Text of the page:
Jessica: In all honesty, I never used to. My role model through school was myself, which is pretty strange because how can you look up to yourself? But I knew what I wanted – I wanted to do maths. So that is what I did. It was not until recently that I have watched films based on real life, such as ‘Hidden Figures’, where I have seen people who, against all odds, were able to use their amazing mathematical abilities to do something phenomenal. Obviously, this is always happening, but it is special because of the background they came from. Not only were they women, but they were also African-American, which at the time, held them back further. To push through all the difficulties, they did what they wanted to do because they loved their work, which to me is really inspiring, and relatable, because that is all I want to do too.

When women in Science research are treated equitably and with respect, what does this look like?

Laura: To me, marks of respect in the workplace come in the form of asking me for help or giving me responsibilities. In my previous job for example, I was in charge of creating a workshop and leading it during a conference. I was so happy that I had been given free rein and for the trust my boss had in me. The results were fantastic and the workshop a success. Bringing women forward brings new perspectives with them that benefit the work environment.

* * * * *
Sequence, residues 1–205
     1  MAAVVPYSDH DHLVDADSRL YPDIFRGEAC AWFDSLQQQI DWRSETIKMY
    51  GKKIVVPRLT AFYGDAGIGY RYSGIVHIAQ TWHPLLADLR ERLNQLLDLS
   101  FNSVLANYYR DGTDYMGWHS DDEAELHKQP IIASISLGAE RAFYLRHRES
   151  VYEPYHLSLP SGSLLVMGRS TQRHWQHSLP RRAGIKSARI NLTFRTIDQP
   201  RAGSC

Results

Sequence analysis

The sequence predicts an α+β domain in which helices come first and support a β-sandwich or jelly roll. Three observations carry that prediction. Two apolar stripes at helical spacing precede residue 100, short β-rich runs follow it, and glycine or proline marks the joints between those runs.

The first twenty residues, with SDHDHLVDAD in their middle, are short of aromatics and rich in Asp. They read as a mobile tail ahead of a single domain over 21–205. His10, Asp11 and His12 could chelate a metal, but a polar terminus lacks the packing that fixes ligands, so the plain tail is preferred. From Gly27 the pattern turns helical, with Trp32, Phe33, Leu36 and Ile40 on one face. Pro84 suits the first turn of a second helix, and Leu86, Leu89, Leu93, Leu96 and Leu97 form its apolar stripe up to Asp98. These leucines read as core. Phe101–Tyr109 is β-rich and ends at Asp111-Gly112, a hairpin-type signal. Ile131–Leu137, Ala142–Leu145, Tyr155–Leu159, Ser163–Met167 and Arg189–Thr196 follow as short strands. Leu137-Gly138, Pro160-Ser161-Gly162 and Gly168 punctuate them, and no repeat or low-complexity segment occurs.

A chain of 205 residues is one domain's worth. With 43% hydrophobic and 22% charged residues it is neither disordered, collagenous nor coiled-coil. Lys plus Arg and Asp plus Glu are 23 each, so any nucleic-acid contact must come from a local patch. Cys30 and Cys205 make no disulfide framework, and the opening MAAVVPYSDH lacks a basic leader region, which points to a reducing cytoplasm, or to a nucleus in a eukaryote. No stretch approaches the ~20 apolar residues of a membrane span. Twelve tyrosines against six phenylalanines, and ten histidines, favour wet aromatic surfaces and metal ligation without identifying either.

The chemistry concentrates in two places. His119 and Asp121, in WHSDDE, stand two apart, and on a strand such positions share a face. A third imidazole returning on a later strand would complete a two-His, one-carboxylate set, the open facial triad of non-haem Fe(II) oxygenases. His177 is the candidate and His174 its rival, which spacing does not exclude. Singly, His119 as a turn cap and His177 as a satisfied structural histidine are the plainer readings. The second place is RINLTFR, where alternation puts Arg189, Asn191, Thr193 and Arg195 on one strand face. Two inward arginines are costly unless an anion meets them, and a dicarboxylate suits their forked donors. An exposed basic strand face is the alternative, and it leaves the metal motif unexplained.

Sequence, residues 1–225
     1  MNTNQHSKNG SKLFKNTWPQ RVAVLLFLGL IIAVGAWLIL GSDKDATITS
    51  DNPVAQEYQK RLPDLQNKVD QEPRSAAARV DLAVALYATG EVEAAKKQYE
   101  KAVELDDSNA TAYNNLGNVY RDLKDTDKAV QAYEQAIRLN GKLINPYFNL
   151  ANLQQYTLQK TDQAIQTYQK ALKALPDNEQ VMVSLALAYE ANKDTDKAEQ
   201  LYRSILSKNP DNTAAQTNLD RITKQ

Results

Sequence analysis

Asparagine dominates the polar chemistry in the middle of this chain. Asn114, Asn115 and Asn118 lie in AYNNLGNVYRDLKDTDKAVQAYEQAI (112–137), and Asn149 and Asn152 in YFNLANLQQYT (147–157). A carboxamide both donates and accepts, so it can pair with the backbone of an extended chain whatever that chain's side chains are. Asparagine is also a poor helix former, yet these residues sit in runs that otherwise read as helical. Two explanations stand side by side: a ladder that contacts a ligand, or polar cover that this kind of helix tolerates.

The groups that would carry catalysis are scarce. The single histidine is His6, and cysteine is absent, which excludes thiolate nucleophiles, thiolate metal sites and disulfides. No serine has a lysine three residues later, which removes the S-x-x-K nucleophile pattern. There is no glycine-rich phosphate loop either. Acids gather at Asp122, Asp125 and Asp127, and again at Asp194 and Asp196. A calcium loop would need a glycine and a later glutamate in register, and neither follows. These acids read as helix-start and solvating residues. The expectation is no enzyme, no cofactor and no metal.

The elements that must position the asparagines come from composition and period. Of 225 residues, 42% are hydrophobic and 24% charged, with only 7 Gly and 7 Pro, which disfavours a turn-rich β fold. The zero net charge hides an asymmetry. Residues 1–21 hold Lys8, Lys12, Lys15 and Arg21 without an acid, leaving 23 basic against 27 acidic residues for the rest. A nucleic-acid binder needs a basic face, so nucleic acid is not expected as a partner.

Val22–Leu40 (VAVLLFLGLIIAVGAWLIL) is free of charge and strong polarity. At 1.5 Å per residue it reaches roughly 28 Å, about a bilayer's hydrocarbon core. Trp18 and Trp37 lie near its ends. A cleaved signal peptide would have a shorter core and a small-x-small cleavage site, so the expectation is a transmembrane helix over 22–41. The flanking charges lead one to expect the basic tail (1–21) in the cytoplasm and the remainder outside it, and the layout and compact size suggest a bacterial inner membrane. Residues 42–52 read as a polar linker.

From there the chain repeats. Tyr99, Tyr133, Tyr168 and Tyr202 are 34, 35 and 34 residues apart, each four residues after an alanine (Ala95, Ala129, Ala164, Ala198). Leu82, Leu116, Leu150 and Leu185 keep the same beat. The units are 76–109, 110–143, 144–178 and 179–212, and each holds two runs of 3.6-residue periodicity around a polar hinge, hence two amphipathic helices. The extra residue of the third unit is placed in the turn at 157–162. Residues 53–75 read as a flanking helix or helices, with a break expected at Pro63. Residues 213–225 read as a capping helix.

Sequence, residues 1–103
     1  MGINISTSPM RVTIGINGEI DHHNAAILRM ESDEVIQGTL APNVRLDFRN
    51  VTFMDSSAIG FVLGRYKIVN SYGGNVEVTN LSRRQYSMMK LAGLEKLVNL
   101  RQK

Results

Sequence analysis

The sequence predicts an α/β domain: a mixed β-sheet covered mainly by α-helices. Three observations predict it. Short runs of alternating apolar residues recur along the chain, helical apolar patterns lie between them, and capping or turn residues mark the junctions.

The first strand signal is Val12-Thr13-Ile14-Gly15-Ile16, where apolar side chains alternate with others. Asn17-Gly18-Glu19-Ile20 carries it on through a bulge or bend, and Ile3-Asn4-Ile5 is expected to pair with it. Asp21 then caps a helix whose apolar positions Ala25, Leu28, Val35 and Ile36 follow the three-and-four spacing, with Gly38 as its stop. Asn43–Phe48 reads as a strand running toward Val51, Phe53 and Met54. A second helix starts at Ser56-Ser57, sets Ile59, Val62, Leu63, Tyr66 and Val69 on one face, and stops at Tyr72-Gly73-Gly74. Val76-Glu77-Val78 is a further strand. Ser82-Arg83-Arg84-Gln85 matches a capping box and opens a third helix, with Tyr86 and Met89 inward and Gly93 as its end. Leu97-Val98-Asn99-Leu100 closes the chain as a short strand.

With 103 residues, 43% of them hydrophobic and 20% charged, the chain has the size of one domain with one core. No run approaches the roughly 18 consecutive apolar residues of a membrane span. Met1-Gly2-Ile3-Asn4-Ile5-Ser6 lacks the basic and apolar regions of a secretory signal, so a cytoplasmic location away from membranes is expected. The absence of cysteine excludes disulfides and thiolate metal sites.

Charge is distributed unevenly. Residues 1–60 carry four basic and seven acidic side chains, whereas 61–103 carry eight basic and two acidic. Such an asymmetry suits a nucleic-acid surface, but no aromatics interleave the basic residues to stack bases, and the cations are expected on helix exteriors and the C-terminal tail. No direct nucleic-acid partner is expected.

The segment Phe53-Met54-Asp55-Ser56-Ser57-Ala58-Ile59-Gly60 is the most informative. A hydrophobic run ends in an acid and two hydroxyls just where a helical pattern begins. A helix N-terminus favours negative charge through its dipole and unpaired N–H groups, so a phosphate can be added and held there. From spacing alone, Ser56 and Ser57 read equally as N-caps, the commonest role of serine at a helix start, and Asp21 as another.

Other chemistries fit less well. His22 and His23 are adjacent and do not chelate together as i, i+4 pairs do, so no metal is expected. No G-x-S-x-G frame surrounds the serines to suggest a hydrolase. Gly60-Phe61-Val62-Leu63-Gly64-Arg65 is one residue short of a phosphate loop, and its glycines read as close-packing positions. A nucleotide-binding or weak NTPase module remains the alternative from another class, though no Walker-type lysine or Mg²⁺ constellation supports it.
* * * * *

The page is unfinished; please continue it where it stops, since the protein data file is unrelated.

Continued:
Jessica: I think I am quite lucky in this respect, as I feel I have always been treated equitably and with respect, so I don’t have anything to compare it with to say what it does look like. If I had to give one example, it would be my interview into the university for my PhD. One university that I interviewed at before Surrey, it was only me and the researcher. So, I was expecting similar with my interview at Surrey. But instead, it felt like the whole of the mathematics department was at the interview. I felt already included and I had not even been accepted at that point. Everyone pitched their research and I thought this was a department that was very much a community and a place where everyone is treated fairly and with respect. Being here now, I still feel that way and can see the women in research are treated equitably and with respect.

How would it make a difference if there were more women in your field?

Laura: Not only women but any gender, ethnicity, sexuality, etc. contribute to better science. It is unrealistic to expect people to see all the faces of a cube, which is why a wide group of people from different backgrounds, with different experiences, leads to more inclusive results. It’s not just about representation, it’s about applying those differences for a more rounded approach to research.

Jessica: It would certainly be nice, as it shows that more women are seeing their potential and following their dreams, rather than leaving it behind because they have been discouraged from it. It would also certainly make the field more even. Even now, I would still say mathematics is male dominated, but is starting to include more women. But if there were more women, then there is a chance that there are more opportunities for female role models, which would be nice for younger generations to show there are no limits to what you can do.